Wednesday, 27 February 2019

Why Animators Should Do Facial Expressions 1st

Planning out animation isn't an easy process. In theory it is simple, but in practice there are many pitfalls for the unwary.  One of the most common errors made by novice animators is to leave the facial expressions until last.

You might think to yourself "I'll save time by blocking out the main poses, and then work on the facial expressions later", but the danger with this approach is that you might never get around to doing the facial expressions at all, and your animation will be lifeless and flat.

One of the early lessons I learned at Blue Sky Studios on "Robots" back in 2003 was how to block out the character's main facial expression from the very beginning, thus determining the main acting beats in the shot.

What is the character thinking and feeling? This is a choice you should make at the very start.

Morpheus in "T-Pose"
Blocking animation
What do animators mean by "blocking"?  We mean the process of establishing the main key poses in a shot, using stepped curves (i.e., single poses without any smooth transitions), so that we can test whether or not the shot will work.

On a high-end feature film, such as at Disney or Pixar, an animator might get a day (two, at most) to block out their work before showing it to the director.  For an animator on a TV series, with much tighter deadlines, you might be expected to block out a shot in an hour or so.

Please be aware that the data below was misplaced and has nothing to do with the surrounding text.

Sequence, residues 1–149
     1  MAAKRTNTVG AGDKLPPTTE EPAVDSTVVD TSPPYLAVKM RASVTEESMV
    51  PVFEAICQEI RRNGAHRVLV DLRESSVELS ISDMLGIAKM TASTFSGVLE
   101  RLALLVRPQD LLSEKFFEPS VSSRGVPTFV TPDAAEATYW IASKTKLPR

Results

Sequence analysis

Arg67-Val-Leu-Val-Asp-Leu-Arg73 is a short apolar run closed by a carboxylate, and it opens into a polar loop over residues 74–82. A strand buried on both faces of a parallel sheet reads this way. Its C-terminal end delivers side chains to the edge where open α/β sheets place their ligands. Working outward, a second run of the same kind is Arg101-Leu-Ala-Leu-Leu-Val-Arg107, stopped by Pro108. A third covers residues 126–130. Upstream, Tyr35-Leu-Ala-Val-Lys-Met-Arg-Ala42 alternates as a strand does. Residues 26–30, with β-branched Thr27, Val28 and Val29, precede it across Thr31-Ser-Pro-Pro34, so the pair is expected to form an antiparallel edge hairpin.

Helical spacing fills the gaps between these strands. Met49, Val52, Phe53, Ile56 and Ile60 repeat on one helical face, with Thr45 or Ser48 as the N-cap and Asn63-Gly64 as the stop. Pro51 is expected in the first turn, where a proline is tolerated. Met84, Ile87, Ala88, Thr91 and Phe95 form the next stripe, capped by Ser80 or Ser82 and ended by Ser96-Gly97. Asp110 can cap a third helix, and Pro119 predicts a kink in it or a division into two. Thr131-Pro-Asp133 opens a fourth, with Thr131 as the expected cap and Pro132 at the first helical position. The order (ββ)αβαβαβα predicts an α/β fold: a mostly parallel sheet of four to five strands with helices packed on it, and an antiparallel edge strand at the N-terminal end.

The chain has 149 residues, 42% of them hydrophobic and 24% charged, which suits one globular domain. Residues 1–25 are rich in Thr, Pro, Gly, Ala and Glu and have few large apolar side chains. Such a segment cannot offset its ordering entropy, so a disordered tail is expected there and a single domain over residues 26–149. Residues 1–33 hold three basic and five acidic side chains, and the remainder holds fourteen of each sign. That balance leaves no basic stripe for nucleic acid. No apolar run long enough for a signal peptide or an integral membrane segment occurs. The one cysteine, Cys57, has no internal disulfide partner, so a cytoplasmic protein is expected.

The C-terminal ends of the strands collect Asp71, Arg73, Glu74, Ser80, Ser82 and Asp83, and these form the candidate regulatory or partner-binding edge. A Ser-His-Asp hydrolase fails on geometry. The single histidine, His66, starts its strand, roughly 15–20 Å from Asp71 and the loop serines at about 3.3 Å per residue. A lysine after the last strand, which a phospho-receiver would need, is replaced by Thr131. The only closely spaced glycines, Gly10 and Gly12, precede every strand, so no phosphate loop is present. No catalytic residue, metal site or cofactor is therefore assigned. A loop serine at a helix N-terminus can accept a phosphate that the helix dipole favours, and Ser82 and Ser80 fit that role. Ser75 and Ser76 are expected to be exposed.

The key point to remember is that your key poses should include the character's facial expressions, so we know what the character is thinking and feeling.

The curse of the "T-Pose"
When you first open up your character in Maya, it typically arrives at your desk in the T-Pose. The facial expressions will be default - which is to say neutral. Your first job is to create the key poses, making decisions on the character's state of mind. Ask yourself: is the character happy? Sad? Angry? Most scenes involve a character in one state of mind, though perhaps changing to another in the course of the scene. Make these decisions up front.

Create a Face Camera
One useful solution to the problem is to create a Face Camera when you animate characters in Maya. You don't want to keep having to zoom in on your character in the viewport to find the facial controls; constant zooming in and out will slow down your workflow and, worse of all, encourages the animator to neglect the facial expressions altogether. Good facial expressions are crucial to making good animation, because it's how we know what the character is thinking and feeling. And without an emotional underpinning, your audience won't connect to your animation.





How to create a face camera
To create a face camera in Maya, follow these simple steps. First, create a camera, and name it faceCam. Then select the Camera, shift-select the character's head control, and parent the camera (Press P on your keyboard) to parent the camera to head control. Then, tear off the face camera (Panels/tear off) so you can return to the faceCam whenever you need it. This will save you a lot of time when animating facial expressions. To see this process in more detail, watch the video above:

Maya Speed Animator
Watch the video below on how to become a fast animator. It includes a number of lessons I learned at Blue Sky Studios, including the importance of adding facial expressions early.  




To find out more about Animation Apprentice, click here for a link to Frequently Asked Questions. To sign up for our next classroom at Animation Apprentice, follow this link. 

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